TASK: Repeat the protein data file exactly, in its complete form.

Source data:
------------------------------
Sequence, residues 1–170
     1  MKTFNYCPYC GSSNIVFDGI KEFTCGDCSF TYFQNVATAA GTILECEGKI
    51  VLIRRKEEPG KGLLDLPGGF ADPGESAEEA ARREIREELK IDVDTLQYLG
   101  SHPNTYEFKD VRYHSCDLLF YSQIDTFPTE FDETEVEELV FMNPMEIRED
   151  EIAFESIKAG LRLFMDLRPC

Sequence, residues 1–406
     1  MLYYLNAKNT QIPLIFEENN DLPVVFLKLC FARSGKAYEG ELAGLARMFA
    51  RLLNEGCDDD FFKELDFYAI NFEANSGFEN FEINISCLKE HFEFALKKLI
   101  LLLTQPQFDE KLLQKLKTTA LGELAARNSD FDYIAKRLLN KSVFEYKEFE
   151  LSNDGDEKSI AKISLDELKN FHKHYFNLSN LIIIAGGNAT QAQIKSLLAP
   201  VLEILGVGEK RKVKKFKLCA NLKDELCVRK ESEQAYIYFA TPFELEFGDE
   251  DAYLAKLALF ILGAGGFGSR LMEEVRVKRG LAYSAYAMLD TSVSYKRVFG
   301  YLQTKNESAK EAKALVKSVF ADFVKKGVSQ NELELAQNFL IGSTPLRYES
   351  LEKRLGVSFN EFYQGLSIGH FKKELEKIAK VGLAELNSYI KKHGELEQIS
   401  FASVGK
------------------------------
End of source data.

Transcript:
Sequence, residues 1–170
     1  MKTFNYCPYC GSSNIVFDGI KEFTCGDCSF TYFQNVATAA GTILECEGKI
    51  VLIRRKEEPG KGLLDLPGGF ADPGESAEEA ARREIREELK IDVDTLQYLG
   101  SHPNTYEFKD VRYHSCDLLF YSQIDTFPTE FDETEVEELV FMNPMEIRED
   151  EIAFESIKAG LRLFMDLRPC

Sequence, residues 1–406
     1  MLYYLNAKNT QIPLIFEENN DLPVVFLKLC FARSGKAYEG ELAGLARMFA
    51  RLLNEGCDDD FFKELDFYAI NFEANSGFEN FEINISCLKE HFEFALKKLI
   101  LLLTQPQFDE KLLQKLKTTA LGELAARNSD FDYIAKRLLN KSVFEYKEFE
   151  LSNDGDEKSI AKISLDELKN FHKHYFNLSN LIIIAGGNAT QAQIKSLLAP
   201  VLEILGVGEK RKVKKFKLCA NLKDELCVRK ESEQAYIYFA TPFELEFGDE
   251  DAYLAKLALF ILGAGGFGSR LMEEVRVKRG LAYSAYAMLD TSVSYKRVFG
   301  YLQTKNESAK EAKALVKSVF ADFVKKGVSQ NELELAQNFL IGSTPLRYES
   351  LEKRLGVSFN EFYQGLSIGH FKKELEKIAK VGLAELNSYI KKHGELEQIS
   401  FASVGK